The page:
Given the nature of many types of standards it is not possible to carry out comprehensive tests/inspections to demonstrate that a standard has been complied with. It is often necessary to ensure a method is put in place which ensures that standards are applied where relevant, and conduct audits to demonstrate that the method is being effectively applied. The acceptance criteria against standards may thus be related to demonstration that processes are in place and being adopted rather than actual tests themselves.


Fig Acc.9
 

 

Acceptance of Goods bought off the shelf

 

Goods bought off the shelf do not have an acceptance process as such. The supplier will provide a detailed description of the product and it is for the customer to decide whether it will suit his purpose or not. The supplier will give a demonstration if appropriate. It may be possible to arrange for the product to undergo customer tests though there is not generally guidelines for this and each case must be considered on its own merits.

Should the product fail to conform to its specification then the customer will be protected by law, at least for a minimum period of time (eg. 1 year). It is important that the customer uses this period of time to ensure that the product does conform to its specification.

Where a large number of relatively low value goods are bought
organizations tend to have their own procedures for checking/testing these as part of goods
inwards. This often involves sampling.


Fig Acc.10
 

 

Acceptance of subcontracted items

 

Covered under PROCUREMENT and SUB-CONTRACTING.


Fig Acc.11
 

 

Acceptance of Study Outputs

 

Consider an activity requiring a study, with the output being a study document with conclusions and recommendations. Ultimately the acceptance of the study output must have a large subjective element. The following are aspects of a study which can provide some degree of objectivity to the acceptance process.

  1. Format. Objective acceptance against the document format is clearly possible, and measurable standards should be specified in the study requirement. These standards may be company standards which themselves will have been indirectly approved.

However, although format is clearly important with respect to easing the reading of the document, it is not what is being paid for.

  1. Scope of coverage. The requirement for the study will identify what issues the study must address. A comparison can and should be made to ensure all the issues were either addressed, or there is a reason for why not. (Possibly as agreed during the study itself.) This also applies to agreements reached during the study for coverage of certain issues. It is important that such agreements are either minuted in formal meetings or are otherwise written and agreed.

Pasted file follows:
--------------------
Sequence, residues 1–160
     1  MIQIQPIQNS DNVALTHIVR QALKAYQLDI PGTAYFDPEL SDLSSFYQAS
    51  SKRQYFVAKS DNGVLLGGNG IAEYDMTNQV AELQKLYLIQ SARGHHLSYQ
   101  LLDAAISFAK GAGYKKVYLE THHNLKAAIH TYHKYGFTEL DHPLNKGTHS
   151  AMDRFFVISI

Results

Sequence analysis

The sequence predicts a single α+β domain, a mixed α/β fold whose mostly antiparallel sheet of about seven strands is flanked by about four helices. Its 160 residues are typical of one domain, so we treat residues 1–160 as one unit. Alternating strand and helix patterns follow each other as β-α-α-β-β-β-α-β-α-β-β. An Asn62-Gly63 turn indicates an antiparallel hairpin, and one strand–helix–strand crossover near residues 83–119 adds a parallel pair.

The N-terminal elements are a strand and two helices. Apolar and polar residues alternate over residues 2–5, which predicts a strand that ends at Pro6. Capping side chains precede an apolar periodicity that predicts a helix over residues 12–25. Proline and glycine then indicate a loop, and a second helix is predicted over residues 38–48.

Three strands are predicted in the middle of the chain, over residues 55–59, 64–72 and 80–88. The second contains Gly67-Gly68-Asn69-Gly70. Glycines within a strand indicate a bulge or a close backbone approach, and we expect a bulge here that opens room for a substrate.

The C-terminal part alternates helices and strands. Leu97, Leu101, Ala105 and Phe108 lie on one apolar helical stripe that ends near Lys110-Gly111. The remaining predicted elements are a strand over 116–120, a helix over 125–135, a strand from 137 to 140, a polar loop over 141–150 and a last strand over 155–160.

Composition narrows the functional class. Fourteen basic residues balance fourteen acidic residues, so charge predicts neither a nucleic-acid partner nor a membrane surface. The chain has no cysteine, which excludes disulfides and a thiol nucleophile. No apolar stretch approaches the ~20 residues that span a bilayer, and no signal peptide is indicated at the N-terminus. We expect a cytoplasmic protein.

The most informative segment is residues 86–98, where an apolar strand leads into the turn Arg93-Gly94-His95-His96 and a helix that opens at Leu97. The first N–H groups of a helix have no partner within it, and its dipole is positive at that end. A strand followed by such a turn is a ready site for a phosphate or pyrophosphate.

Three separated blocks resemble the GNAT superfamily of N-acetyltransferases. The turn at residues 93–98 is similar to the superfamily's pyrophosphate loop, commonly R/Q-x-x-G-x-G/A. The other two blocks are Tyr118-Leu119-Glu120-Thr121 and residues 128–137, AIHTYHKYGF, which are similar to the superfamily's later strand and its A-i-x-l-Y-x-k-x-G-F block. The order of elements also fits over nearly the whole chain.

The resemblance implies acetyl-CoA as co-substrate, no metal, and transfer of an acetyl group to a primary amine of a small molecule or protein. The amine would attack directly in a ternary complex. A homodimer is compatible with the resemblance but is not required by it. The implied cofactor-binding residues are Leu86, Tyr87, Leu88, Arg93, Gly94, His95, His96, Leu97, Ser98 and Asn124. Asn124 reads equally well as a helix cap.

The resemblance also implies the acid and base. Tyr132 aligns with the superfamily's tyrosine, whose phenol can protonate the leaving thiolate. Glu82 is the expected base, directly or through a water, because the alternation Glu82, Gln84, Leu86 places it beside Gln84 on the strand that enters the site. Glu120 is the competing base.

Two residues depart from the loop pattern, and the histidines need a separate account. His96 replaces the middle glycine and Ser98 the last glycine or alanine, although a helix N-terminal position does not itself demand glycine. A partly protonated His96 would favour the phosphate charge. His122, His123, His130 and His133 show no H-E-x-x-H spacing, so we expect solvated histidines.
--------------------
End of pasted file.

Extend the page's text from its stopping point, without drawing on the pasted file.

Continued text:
2. Effort expended. A study requirement will usually include an estimate of the effort to be expended on the project. This identification of effort is an implicit agreement of the level of detail to which the study will be undertaken. It places a degree of commitment on both sides with respect to acceptance. The customer cannot expect a study to a degree of detail which is obviously not possible with the effort identified. Similarly the supplier is committed to going to a level of detail which should be possible with the effort expended.

This should not be taken to imply that the agreement is simply to spend a given amount of effort and then stop. The statements of requirement must still be met even when these lead to greater than estimated effort being expended.

In estimating effort expended it is thus necessary to include provision for supporting activities such as document preparation, document reviews, quality reviews, etc.

  1. The customer can reasonable expect the issues he has raised and the supplier has accepted to be addressed. This issues could be either raised during meetings or the result of identifying other contacts or relevant documentation.

  2. Progress meetings provide a means of identifying any conflicting viewpoints as the study progresses rather than leaving them until acceptance of the final documentation is required.

  3. Prior to final issue of the document a draft is usually produced for comment. Assuming that the draft is relatively complete the customer cannot object to issues in the final report(s) which he did not raise at the draft stage.

What is very difficult to accept against is the quality of the study findings themselves. Customers attempt to ensure they get appropriate quality by: